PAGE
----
Challenging the Power of the Jewish Lobby
Report; Posted on: 2006-10-01 02:32:21

What Should Be Done?

By James Petras

A number of writers have recently written critical articles or reviews about the power of the pro-Israel or Jewish Lobby and its influence on US policy in the Middle East. Most of these writings emphasize the power of the lobby over Congress, the two major parties (especially the Democrats) and the Executive branch. Some even describe the pro-Israel lobbies and the allied Jewish federations, the numerous propaganda institutes described as ‘think tanks’, publications as well as their influence or control over the mass media, from Hollywood, the print media, television to corporate “public” radio. However these critics and analysts paint themselves into a corner, attributing to the Jewish lobby so much power as to virtually incapacitate any effort to counter its influence and change the direction of US policy. The image of a near-omniscient and omnipotent Jewish lobby overlooks its vulnerability and significant issues around which an opposition or counter-hegemonic movement can be organized in the United States.

A starting point for building such a movement in some cases already exists in single issue campaigns; in other instances, some of the critical reports on the actions and behavior of the Lobby can become rallying points for organizing and pressing for new legislation and improving legislative restraints on Lobby activities.

What Should be Done: 18 Points of Action

Pressure can be exerted to force the Pro-Israel lobby to register as an agent of a foreign power. There is an abundance of evidence based on public documents, observation, testimony, interviews which demonstrate that the leaders of the Lobby take orders from the Israeli government, serve as transmission belts of Israeli policies into the US, formulate the legislation for the US Congress based on Israeli priorities, coordinate and transmit information from the US government to the Israeli government and have even engaged in espionage in the US for the Israeli secret police (Mossad). If for example AIPAC is obligated to register as an agent of a foreign power, it can be expected that a substantial number of its members/supporters will resign or withdraw, and big contributors will hold back funding, weakening the activist and financial base of the Lobby. Secondly, other members of the pro-Israel coalition will balk at allying with an agency of a foreign power. Thirdly, elected and appointed officials will be more hesitant to follow the lead or share the platform of an organization identified with a foreign government because of the possible legal implications or at least unfavorable publicity.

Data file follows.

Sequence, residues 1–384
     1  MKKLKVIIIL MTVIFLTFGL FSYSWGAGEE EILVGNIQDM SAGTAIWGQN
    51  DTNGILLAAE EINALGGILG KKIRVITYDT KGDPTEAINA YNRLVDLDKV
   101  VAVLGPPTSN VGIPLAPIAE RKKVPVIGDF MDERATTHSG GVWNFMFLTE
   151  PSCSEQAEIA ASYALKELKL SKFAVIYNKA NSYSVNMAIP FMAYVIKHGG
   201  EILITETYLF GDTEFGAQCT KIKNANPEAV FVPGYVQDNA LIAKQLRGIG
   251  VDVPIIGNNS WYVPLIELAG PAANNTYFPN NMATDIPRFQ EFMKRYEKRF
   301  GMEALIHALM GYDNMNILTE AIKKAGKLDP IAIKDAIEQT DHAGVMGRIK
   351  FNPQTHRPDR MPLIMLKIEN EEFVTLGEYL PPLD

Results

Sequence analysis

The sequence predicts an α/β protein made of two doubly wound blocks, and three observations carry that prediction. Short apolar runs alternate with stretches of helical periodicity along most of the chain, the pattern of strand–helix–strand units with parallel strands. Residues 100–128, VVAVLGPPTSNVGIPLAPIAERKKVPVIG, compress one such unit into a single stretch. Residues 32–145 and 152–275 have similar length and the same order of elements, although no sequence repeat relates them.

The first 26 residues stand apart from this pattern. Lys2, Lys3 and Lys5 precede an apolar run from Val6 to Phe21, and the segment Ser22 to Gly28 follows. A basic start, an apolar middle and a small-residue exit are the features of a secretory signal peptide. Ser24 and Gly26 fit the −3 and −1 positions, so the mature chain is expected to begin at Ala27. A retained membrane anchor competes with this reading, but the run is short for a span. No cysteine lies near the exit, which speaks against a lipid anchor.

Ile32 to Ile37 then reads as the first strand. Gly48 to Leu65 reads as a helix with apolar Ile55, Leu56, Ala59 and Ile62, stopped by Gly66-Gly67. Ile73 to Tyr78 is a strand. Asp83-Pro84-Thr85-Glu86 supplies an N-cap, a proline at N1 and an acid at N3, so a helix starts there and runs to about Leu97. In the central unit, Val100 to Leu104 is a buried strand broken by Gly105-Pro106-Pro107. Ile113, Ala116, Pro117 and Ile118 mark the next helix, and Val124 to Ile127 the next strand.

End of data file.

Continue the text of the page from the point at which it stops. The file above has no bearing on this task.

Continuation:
Organize a campaign to withdraw investments in US companies which supply the Israeli regime with weapons of mass destruction, construction equipment to extend Israeli colonization of Palestine. The boycott should include targeting military industries which contribute to Lobby controlled “think tanks”, State and Union pension funds which invest in Israeli Bonds should be pressured to reallocate to productive industries and social services which create jobs and health benefits for Americans.

Create a data bank on all the key political officials who have long-standing, primary commitments to the state of Israel and who have collaborated with the pro-Israeli lobby. This data bank can focus on the role of the Zionist power configuration engaged in harnessing US policy to Israel’s expansionist policies. The data bank can list all the major pieces of legislation fashioned by the Lobby for Israel; the total sum of US grants, and guaranteed loans, technological transfers secured for Israel through the Lobby; the number of junkets and visits organized by the Lobby for policymakers. In addition, information should be collected on all levels of “consultation” between key lobby leaders, religious notables, and international Zionist organizations and the Israeli state. The “information bank” can provide the bases for demonstrating how the Lobby serves Israeli foreign policy, distorts US domestic and overseas priorities and contributes to silencing and undermining internal democratic debate. In other words, the anti-Lobby campaign can be an important part of the battle of ideas, and engage in the struggle to throw off foreign tutelage, and regain our freedom to openly discuss the role of Israel and the Lobby in US politics.

Support the worldwide boycott against scholarly and academic exchanges with Israeli counterparts and institutes which uphold and participate in the colonization and repression of the Palestinians. In particular, psychologists and psychiatrists should pressure their association to reject all Israeli counterparts who engage in interrogation (usually accompanied by torture) of political prisoners.

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